• Entry and movement around the school building will also need be restricted and students would be required to move through designated trails of sanitized areas. Entry to the school building would require no-touch processes of sanitation, temperature and oxygen level checks for each child and staff member. Students would also be restricted to move around the school complex other than necessary facilities as washroom and water stations.
  • Access to school facilities  other than classrooms as sports facilities, laboratories and libraries may not be accessible in lieu of physical distancing needs as well as to maintain hygiene norms.
  • Travel to and from the school is a major concern for parents. In order to maintain necessary physical distancing guidelines, each school bus/cab will accommodate only a handful of students. Transport facilities would require stringent checks and sanitation regime.

Sanitation and hygiene regime

Hand hygiene, sanitation and no-touch mechanisms would act as a first line of defence against the virus and this would require substantial additions for the safe school operations.

  • Stringent sanitation regimes would be required at every stage. Every classroom and frequently used areas would have to be sanitised after every batch. If a school decides to have two batches per day, this would require two round of sanitation per day. Every transport trip must be followed up by a sanitation process before the next batch of students hop on.
  • Masks would be mandatory for all at times. The masks may be required to replace if they become wet or soiled owing to humid weather conditions in many parts of the country. Face shields may also be advised for teachers or staff.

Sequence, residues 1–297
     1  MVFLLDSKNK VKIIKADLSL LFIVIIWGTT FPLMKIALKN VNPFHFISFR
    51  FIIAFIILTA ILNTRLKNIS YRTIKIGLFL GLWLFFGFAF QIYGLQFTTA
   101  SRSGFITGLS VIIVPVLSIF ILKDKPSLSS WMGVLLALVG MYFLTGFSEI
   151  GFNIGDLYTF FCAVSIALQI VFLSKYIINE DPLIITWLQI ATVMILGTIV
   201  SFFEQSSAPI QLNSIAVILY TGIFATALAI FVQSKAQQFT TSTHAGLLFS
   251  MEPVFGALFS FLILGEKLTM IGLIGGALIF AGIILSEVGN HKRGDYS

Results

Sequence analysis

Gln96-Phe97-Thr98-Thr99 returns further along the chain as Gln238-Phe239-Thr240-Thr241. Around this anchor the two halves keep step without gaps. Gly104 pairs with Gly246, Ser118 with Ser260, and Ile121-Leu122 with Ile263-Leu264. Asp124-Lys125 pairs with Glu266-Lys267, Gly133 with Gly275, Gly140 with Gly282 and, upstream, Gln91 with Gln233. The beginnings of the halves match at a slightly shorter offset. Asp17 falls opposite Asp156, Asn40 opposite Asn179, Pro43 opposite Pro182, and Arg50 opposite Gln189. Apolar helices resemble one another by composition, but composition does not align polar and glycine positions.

• Touchless equipment and tools would considerably add to the safety factor. No-touch soap and sanitiser dispensers, foot operated doors and similar other no touch mechanisms may be installed to minimise touch requirements.
  • Training of staff and students would be essential for necessary sanitation and hygiene practices.
  • Constant communication and Information, Education and Communication materials across the school complex and system would be required to promote hygiene and sanitation practices.

Adapting pedagogy and educational methodologies

Academic transition would be considerably different from the pre-COVID times. Shorter duration and lesser number of physical schooling would happen per batch of students as and when the school reopens in lieu of physical distancing needs.

  • Online vs Offline learning and the balance thereof would still require experimentation and tweaking. Online mode of teaching would continue and will have a larger weightage as compared to face-to-face teaching. The two may be combined together to ensure the entire batch goes through the same speed of curriculum and reduce the burden on teachers.